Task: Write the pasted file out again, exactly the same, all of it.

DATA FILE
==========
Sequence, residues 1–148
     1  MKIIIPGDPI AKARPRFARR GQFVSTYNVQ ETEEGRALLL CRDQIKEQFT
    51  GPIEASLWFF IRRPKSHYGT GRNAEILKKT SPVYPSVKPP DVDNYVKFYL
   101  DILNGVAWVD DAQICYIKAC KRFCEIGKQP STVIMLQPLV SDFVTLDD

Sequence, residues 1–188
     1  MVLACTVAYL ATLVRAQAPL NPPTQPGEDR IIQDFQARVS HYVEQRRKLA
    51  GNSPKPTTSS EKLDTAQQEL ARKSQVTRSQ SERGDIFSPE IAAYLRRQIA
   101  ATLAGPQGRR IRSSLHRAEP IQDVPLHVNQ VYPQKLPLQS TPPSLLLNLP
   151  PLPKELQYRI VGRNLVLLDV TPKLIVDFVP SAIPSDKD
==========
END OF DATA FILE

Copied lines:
Sequence, residues 1–148
     1  MKIIIPGDPI AKARPRFARR GQFVSTYNVQ ETEEGRALLL CRDQIKEQFT
    51  GPIEASLWFF IRRPKSHYGT GRNAEILKKT SPVYPSVKPP DVDNYVKFYL
   101  DILNGVAWVD DAQICYIKAC KRFCEIGKQP STVIMLQPLV SDFVTLDD

Sequence, residues 1–188
     1  MVLACTVAYL ATLVRAQAPL NPPTQPGEDR IIQDFQARVS HYVEQRRKLA
    51  GNSPKPTTSS EKLDTAQQEL ARKSQVTRSQ SERGDIFSPE IAAYLRRQIA
   101  ATLAGPQGRR IRSSLHRAEP IQDVPLHVNQ VYPQKLPLQS TPPSLLLNLP
   151  PLPKELQYRI VGRNLVLLDV TPKLIVDFVP SAIPSDKD